Big Brother - Emil Salman 0 June 29 2011
A scene from Big Brother. Photo by Emil Salman
Text size

 

The boycott declared against cottage cheese is important. The apathetic Israeli has finally woken up and is willing to fight for his basic needs. But at the same time there's something very disturbing about this campaign. The fact that the Israeli awakens from his apathy only when his pocket is affected seems only to confirm the assumption of the barons who control our lives (the barons of the economy, the media and politics ), that only money interests us. The rare resource called a "consumer boycott" should also be used for more important issues than the price of cottage cheese. There is a product that must be boycotted not for economic reasons, but for very important cultural and social reasons. I am referring to reality shows.

Prof. Gabi Weimann was correct when, in the Hebrew edition of this newspaper ("On the slippery slope of reality," June 17 ), he discussed the built-in process of deterioration of these programs, which each time have to excite the audience with a more potent dosage, and of course with greater insults and a higher level of voyeurism. But it is also important to discuss what Weimann only implied: the serious socio-cultural damage these programs cause.

The combination of the frequency of the programs, the centrality of the TV channels and the hours when they are broadcast, the endless discussions about them in the other media are all leading to a situation where not only are insults and voyeurism no longer considered offensive traits, they are "the name of the game" in the new Israeli society. And most important, they are at the top of the food chain that ends with too many young Israelis declaring that their mission in life is "to make money and become famous."

There are of course many factors responsible for that, but the reality shows are the most blatant symbol of this philosophy. Because what causes ordinary people to agree to the endless humiliations they endure on the reality shows (exposing their obesity, their foolishness, their inarticulateness etc. ), or the blatant invasion of their privacy by the television camera (from their bank account to their family relationships and up to their bedrooms ), if not the opportunity "to become famous" and perhaps even to "make it big" and to win the big prize?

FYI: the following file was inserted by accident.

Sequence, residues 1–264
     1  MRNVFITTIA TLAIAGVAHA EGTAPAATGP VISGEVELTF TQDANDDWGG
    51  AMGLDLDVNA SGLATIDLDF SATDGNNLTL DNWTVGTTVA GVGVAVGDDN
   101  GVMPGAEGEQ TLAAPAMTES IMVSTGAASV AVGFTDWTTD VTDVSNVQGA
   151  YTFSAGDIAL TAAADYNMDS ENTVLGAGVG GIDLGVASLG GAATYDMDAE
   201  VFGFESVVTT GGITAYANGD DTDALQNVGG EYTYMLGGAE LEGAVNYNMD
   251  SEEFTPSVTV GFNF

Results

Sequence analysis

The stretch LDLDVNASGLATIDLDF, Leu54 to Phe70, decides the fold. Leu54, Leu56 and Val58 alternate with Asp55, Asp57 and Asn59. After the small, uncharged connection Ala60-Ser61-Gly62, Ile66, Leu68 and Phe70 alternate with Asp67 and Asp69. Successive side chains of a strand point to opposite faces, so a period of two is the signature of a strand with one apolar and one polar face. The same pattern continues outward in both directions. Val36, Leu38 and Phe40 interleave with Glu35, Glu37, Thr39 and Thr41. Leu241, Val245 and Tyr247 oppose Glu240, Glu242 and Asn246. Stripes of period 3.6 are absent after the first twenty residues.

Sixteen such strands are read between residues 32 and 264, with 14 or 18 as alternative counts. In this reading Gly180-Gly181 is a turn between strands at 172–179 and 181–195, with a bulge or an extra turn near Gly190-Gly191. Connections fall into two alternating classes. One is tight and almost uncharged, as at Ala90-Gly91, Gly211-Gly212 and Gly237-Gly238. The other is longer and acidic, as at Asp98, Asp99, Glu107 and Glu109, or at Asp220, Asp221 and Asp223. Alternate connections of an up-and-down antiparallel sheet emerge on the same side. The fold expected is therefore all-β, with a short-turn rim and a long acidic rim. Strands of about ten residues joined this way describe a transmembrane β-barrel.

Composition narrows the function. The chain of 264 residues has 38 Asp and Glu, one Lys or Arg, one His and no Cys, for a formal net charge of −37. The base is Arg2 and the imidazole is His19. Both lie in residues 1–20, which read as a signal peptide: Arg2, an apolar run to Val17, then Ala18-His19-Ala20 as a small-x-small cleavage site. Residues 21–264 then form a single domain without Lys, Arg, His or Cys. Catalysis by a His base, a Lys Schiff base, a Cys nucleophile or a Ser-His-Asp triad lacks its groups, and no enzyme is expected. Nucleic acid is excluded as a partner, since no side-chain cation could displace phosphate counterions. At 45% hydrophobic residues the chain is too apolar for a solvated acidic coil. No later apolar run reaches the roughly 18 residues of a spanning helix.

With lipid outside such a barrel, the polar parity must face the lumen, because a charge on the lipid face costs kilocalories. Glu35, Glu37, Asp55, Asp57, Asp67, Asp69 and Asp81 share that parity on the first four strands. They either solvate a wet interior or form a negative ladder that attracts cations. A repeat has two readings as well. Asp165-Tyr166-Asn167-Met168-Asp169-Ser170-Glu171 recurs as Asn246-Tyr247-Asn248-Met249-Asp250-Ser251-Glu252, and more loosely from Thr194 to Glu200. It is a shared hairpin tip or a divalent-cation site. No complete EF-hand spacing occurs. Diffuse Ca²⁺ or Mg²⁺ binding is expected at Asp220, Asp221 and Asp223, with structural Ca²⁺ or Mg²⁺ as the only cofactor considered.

It's not a good idea to treat these programs as merely a pleasant evening entertainment when everyone is tired. Every Jewish mother should be aware that when her child is humiliated in school, it happens because of the reality show that she watched the previous evening. Every Jewish father should be aware that he has no chance of educating his children to something more exalted than money and fame, if every evening they watch a reality show in his home.

Weimann passed the ball to the regulators and demanded that they rein in the broadcasts. That is certainly a legitimate demand, but before they start to implement it we, the potential consumers, have to take steps that will encourage the regulator to act and perhaps will even make his intervention unnecessary.

First and foremost, a boycott. Not a single one of those shows should be watched. They should not be turned into a subject of discussion in the other media. The people who behind them - the channel directors, the producers, editors and presenters - should not be treated as "cultural heroes" and "success stories," but with the disgust deserved by people who drug the public and whose powerful influence makes them dangerous. Like Cato the Elder in Rome, every MK and public figure should end his speeches and his appearances with the words: "And aside from that, the reality shows must be boycotted." Maybe they should even be dubbed "the polluted shows."